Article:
Etymology
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slip (n.2)
in various senses from slip (v.). Meaning "act of slipping" is from 1590s. Meaning "mistake, minor fault, blunder" is from 1610s. Sense of "woman's sleeveless garment" (1761) is from notion of something easily slipped on or off (compare sleeve). To give (someone) the slip "escape from" is from 1560s. Meaning "landing place for ships" is mid-15c.; more technical sense in ship-building is from 1769. Slip of the tongue is 1725 (from Latin lapsus linguae); slip of the pen (Latin lapsus calami) is 1650s.
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slip (n.1)
mid-15c., "edge of a garment;" 1550s, "narrow strip," probably from Middle Low German or Middle Dutch slippe "cut, slit," possibly related to Old English toslifan "to split, cleave." Sense of "narrow piece of paper" (as in pink slip) in 1680s.
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slip (v.)
early 14c., "to escape, to move softly and quickly," from an unrecorded Old English word or cognate Middle Low German slippen "to glide, slide," from Proto-Germanic *slipan (source also of Old High German slifan, Middle Dutch slippen, German schleifen "to glide, slide"), from PIE *sleib-, from root *(s)lei- "slimy, sticky, slippery" (see slime (n.)).

From mid-14c. with senses "lose one's footing," "slide out of place," "fall into error or fault." Sense of "pass unguarded or untaken" is from mid-15c. That of "slide, glide" is from 1520s. Transitive sense from 1510s; meaning "insert surreptitiously" is from 1680s. Related: Slipped; slipping. To slip up "make a mistake" is from 1855; to slip through the net "evade detection" is from 1902. To let (something) slip originally (1520s) was a reference to hounds on a leash; figurative use "allow to escape through carelessness" is from 1540s.
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slip (n.3)

"potter's clay," mid-15c., "mud, slime," from Old English slypa, slyppe "slime, paste, pulp, soft semi-liquid mass," related to slupan "to slip" (from PIE root *sleubh- "to slide, slip").

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slip (n.4)
"sprig or twig for planting or grafting, small shoot," late 15c., of uncertain origin. Compare Middle Dutch slippe, German schlippe, schlipfe "cut, slit, strip." Hence "young person of small build" (1580s, as in a slip of a girl); see slip (n.1).
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in (adj.)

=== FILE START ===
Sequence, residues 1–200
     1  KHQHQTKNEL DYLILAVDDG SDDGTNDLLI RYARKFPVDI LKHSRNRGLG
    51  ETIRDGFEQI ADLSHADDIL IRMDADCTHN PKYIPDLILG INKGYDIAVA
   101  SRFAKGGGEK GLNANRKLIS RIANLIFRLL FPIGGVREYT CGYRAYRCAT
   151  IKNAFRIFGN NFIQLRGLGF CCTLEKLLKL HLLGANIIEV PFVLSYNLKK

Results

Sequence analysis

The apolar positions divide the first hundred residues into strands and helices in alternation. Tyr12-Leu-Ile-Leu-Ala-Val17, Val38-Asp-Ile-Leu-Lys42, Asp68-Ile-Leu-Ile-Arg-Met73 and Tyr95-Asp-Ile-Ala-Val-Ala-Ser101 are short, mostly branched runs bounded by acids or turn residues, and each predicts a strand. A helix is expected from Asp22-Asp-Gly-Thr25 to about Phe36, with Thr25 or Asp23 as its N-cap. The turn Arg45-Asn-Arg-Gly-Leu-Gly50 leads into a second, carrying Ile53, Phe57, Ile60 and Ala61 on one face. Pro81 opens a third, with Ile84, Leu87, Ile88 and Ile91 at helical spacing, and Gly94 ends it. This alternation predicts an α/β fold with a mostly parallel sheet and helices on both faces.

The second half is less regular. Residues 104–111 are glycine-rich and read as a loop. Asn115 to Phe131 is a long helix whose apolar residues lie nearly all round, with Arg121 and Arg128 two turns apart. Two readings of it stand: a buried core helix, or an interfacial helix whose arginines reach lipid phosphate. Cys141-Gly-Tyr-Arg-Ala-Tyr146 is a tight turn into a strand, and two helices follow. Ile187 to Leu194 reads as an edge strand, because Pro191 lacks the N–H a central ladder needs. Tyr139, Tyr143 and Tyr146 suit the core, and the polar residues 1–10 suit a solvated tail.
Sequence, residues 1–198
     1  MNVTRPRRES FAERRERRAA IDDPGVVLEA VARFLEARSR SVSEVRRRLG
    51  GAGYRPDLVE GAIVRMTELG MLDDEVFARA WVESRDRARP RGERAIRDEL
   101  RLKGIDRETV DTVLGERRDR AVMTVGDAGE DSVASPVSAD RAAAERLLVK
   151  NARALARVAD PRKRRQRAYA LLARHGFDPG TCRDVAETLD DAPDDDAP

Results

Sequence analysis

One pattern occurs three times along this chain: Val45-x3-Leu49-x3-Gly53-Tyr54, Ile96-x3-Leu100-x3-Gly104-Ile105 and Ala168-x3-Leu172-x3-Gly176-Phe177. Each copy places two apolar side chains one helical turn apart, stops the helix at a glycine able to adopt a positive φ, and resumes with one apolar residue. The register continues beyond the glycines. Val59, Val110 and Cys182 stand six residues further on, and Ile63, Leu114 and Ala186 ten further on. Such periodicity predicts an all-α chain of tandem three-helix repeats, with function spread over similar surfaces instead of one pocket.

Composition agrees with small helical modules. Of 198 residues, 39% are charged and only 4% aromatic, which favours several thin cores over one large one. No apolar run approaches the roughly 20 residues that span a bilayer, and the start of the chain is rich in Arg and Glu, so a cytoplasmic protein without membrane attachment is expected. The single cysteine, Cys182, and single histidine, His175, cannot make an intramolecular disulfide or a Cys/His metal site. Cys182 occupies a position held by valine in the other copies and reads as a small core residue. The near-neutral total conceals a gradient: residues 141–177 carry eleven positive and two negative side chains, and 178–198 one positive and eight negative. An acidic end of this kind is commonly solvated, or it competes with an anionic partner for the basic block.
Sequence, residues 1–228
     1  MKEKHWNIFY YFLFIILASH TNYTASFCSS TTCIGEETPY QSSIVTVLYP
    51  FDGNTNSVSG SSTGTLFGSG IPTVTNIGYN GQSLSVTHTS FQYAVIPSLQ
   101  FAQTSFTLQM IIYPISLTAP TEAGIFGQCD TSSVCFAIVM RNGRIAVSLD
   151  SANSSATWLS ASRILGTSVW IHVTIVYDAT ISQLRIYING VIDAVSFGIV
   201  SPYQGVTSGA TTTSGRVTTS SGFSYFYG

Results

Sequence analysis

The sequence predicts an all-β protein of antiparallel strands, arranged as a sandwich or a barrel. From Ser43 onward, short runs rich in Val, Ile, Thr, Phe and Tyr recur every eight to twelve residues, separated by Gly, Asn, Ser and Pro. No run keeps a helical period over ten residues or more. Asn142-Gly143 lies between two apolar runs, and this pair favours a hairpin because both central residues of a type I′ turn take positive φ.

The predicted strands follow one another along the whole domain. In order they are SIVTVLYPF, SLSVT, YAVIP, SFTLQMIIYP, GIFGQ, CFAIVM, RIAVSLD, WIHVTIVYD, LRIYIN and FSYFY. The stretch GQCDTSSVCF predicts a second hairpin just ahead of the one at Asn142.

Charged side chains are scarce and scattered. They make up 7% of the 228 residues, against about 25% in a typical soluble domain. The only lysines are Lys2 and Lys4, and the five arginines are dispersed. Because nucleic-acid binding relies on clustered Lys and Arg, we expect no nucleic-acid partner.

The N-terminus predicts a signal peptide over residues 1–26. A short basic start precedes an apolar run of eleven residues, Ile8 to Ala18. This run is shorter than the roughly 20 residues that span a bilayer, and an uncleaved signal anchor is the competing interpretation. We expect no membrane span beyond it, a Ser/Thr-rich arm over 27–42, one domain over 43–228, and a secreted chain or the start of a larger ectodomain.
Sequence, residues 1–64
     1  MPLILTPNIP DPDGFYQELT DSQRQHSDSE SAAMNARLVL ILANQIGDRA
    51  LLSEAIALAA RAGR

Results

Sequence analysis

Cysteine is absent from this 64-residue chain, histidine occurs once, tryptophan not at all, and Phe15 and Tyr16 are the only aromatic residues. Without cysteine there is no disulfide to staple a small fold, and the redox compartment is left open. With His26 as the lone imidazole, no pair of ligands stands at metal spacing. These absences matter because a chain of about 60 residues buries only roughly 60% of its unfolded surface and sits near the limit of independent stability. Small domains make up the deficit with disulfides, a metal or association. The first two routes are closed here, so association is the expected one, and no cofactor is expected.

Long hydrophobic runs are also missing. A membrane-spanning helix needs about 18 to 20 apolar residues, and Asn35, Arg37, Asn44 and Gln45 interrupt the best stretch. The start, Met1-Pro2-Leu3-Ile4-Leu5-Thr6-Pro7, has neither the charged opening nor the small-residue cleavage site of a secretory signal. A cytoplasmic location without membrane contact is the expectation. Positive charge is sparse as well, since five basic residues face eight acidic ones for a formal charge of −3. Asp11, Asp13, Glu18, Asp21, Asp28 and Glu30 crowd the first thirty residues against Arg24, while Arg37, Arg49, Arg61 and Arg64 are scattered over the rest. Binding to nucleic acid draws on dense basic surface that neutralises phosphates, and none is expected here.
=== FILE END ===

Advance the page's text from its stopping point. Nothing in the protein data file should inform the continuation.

"that is within, internal," 1590s, from in (adv.). Sense of "holding power" (the in party) first recorded c. 1600; that of "exclusive" (the in-crowd, an in-joke) is from 1907 (in-group); that of "stylish, fashionable" (the in thing) is from 1960.
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-in (1)
the adverb in attached to a verb as a word-forming element, by 1960, abstracted from sit-in, which is attested from 1941 in reference to protests and 1937 in reference to labor union actions (which probably was influenced by sit-down strike) but was popularized in reference to civil disobedience protests aimed at segregated lunch counters. As a word-forming element at first of other types of protests, extended by 1965 to any sort of communal gathering (such as love-in, 1967).
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-in (2)
word-forming element in chemistry, usually indicating a neutral substance, antibiotic, vitamin, or hormone; a modification and specialized use of -ine (2).
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in- (1)
Origin and meaning of in-
word-forming element meaning "not, opposite of, without" (also im-, il-, ir- by assimilation of -n- with following consonant, a tendency which began in later Latin), from Latin in- "not," cognate with Greek an-, Old English un-, all from PIE root *ne- "not."

In Old French and Middle English often en-, but most of these forms have not survived in Modern English, and the few that do (enemy, for instance) no longer are felt as negative. The rule of thumb in English has been to use in- with obviously Latin elements, un- with native or nativized ones.
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in (adv., prep.)

a Middle English merger of Old English in (prep.) "in, into, upon, on, at, among; about, during;" and Old English inne (adv.) "within, inside," from Proto-Germanic *in (source also of Old Frisian, Dutch, German, Gothic in, Old Norse i), from PIE root *en "in." The simpler form took on both senses in Middle English.

Sense distinction between in and on is from later Middle English, and nuances in use of in and at still distinguish British and American English (in school/at school). Sometimes in Middle English shortened to i.

The noun sense of "influence, access (to power or authorities)," as in have an in with, is first recorded 1929 in American English. to be in for it "certain to meet with something unpleasant" is from 1690s. To be in with "on friendly terms with" is from 1670s. Ins and outs "intricacies, complications of an action or course" is from 1660s. In-and-out (n.) "copulation" is attested from 1610s.

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